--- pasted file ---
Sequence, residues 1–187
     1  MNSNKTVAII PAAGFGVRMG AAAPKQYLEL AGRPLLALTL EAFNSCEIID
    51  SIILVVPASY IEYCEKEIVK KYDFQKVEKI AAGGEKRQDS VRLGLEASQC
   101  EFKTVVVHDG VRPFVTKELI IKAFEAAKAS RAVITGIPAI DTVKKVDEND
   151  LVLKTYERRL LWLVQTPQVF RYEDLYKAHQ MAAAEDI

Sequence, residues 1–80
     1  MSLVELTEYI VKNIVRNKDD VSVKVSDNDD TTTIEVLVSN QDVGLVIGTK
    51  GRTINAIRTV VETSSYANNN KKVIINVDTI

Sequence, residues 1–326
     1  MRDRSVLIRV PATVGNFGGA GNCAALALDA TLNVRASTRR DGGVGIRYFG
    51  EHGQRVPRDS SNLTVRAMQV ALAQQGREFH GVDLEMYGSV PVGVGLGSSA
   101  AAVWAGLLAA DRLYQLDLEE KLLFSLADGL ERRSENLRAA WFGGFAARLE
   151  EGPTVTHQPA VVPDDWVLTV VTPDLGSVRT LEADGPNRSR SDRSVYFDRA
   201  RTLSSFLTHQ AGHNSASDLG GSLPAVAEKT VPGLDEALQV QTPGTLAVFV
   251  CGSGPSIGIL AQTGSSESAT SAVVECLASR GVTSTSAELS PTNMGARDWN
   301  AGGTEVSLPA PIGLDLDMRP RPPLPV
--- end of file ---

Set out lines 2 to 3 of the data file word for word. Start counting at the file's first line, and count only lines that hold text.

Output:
     1  MNSNKTVAII PAAGFGVRMG AAAPKQYLEL AGRPLLALTL EAFNSCEIID
    51  SIILVVPASY IEYCEKEIVK KYDFQKVEKI AAGGEKRQDS VRLGLEASQC